What a lot of people don't realize is that upwards of 80 percent of the technology that people are implementing today in the enterprise, from an NLP perspective, is 20-year old technology. It's built on rule-based, lexicon-based systems; things that we've known for 20 years really perform no better than a coin flip. But they are relatively straightforward to develop, even if they take a long time. So we continue to use them.

In contrast, there have been some big improvements in deep learning in recent years, but they've been very, very slow to make it to the enterprise. This is largely because the skills required to execute on a deep learning strategy are in such short supply. In fact, some of the epic AI failures referenced above can be attributed to a lack of deep learning.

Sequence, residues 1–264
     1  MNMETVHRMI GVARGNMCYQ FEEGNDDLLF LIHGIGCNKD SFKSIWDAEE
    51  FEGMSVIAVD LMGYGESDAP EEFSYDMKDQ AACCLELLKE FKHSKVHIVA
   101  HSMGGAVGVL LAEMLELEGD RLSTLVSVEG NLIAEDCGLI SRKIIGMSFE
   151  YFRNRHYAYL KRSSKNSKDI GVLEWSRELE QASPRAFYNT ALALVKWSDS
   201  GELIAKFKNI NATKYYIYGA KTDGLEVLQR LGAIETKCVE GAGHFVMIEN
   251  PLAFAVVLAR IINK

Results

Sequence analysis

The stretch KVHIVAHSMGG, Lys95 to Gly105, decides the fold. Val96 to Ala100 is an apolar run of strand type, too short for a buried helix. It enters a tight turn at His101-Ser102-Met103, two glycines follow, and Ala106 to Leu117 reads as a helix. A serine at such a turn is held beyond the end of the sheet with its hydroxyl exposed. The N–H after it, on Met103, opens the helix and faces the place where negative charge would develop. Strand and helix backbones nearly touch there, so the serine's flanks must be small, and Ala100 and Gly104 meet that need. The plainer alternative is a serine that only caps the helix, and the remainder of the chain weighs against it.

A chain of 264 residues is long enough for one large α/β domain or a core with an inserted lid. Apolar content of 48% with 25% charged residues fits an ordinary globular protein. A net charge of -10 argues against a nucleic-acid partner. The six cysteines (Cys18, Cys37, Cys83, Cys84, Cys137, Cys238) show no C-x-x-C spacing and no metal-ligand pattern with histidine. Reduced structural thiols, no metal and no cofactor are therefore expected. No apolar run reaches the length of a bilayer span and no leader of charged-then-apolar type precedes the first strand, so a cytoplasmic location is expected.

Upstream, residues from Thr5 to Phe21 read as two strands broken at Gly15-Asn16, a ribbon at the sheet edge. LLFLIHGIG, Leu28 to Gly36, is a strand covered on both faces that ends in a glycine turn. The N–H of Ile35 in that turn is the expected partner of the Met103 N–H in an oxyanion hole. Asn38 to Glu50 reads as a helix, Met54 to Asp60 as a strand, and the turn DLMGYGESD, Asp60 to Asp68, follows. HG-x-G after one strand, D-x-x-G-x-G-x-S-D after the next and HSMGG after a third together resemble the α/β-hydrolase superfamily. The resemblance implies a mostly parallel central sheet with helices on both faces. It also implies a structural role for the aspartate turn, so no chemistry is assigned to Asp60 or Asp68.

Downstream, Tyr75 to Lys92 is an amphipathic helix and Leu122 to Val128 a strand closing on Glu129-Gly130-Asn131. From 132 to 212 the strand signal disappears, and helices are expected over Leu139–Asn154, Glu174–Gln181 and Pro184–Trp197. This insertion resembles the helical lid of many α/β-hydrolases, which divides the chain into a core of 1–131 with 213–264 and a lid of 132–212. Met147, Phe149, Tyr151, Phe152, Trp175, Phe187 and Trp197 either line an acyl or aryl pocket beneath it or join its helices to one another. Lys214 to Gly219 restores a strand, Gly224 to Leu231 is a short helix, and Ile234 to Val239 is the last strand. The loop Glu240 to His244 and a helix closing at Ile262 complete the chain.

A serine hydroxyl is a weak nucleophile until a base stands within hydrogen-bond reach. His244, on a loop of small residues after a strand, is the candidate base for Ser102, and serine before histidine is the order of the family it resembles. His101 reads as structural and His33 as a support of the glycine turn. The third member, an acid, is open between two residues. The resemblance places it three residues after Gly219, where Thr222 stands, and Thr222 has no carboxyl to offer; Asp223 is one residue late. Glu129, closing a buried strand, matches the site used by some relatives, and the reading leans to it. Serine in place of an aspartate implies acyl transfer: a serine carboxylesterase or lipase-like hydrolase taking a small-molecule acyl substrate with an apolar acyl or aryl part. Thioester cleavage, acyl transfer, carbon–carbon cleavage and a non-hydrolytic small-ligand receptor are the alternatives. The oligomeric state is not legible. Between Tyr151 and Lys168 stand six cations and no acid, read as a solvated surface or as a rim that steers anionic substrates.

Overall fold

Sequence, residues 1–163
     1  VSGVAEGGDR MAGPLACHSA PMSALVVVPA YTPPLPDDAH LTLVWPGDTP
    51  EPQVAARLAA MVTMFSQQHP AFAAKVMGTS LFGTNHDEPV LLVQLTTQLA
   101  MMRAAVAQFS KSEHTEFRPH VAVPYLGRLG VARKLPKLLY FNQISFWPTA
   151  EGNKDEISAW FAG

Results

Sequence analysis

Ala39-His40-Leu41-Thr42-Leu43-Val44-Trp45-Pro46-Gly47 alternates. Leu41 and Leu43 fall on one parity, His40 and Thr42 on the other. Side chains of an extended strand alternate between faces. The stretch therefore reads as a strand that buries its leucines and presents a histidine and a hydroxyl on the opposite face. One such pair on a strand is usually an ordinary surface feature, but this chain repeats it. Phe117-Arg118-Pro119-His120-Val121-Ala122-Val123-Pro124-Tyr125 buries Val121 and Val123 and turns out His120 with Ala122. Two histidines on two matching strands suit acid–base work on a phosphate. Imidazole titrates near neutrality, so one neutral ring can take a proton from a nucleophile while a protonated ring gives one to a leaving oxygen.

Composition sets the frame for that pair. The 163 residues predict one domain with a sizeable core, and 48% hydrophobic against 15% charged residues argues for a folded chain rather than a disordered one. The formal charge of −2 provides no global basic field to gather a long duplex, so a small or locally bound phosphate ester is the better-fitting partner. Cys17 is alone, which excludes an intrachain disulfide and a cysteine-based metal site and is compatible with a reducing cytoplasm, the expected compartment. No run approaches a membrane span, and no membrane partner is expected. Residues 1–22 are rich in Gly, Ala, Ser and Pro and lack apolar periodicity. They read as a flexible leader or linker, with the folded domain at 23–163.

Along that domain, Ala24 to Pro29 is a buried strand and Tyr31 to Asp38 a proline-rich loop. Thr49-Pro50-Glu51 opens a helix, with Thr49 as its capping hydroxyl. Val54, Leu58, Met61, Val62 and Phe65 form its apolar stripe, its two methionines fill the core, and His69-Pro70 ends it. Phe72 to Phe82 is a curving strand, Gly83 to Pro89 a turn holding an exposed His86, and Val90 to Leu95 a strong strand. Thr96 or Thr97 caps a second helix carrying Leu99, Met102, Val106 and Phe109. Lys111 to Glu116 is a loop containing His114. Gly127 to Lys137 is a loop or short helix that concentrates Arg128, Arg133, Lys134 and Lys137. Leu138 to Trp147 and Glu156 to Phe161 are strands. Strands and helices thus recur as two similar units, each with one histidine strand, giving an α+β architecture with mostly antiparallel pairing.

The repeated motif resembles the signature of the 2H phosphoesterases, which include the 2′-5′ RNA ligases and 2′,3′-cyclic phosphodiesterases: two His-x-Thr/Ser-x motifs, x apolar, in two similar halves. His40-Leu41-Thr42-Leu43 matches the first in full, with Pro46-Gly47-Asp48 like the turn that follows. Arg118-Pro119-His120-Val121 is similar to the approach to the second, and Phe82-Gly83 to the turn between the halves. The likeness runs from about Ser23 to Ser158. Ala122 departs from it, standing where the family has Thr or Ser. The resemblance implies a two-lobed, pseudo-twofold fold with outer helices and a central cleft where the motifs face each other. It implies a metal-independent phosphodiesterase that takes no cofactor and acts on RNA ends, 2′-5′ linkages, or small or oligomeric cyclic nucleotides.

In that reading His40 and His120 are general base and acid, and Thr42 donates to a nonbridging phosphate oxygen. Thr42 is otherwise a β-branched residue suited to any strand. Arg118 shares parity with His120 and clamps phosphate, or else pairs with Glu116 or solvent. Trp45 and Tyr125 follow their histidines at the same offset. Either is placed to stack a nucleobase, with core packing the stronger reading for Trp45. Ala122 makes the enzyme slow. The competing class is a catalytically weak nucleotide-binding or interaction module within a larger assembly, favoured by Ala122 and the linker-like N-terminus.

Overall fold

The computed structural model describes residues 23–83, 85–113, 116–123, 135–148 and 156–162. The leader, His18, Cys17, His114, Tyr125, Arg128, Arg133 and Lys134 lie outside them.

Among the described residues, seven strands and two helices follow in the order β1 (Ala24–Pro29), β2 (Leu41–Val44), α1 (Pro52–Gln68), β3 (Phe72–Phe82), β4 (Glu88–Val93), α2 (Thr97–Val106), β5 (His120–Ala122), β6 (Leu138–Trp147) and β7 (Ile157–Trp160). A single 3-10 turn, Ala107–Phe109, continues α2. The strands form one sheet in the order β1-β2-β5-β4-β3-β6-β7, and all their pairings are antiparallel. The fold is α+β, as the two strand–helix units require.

What’s different today is that the industry is beginning to understand that deep learning is really the only way to solve modern NLP problems.

One of the big problems with deep learning is that you typically require massive sets of labeled data to make it work effectively. And a lot of computing power to go with it to analyze all that data. But this challenge has been negated by the move to GPU computation which provided a 30- 40X performance improvement overnight.

The other problem with deep learning is explainability. Your AI algorithm made a decision to do something or to take some action. How did it reach that conclusion?

Making Explainability Practical

Explainability is a tricky topic because intuitively, people have an understanding of what it means to have something explained to them. But the question of what exactly that means in the AI context has never been particularly clear.

Generally, we can divide Explainability into two camps: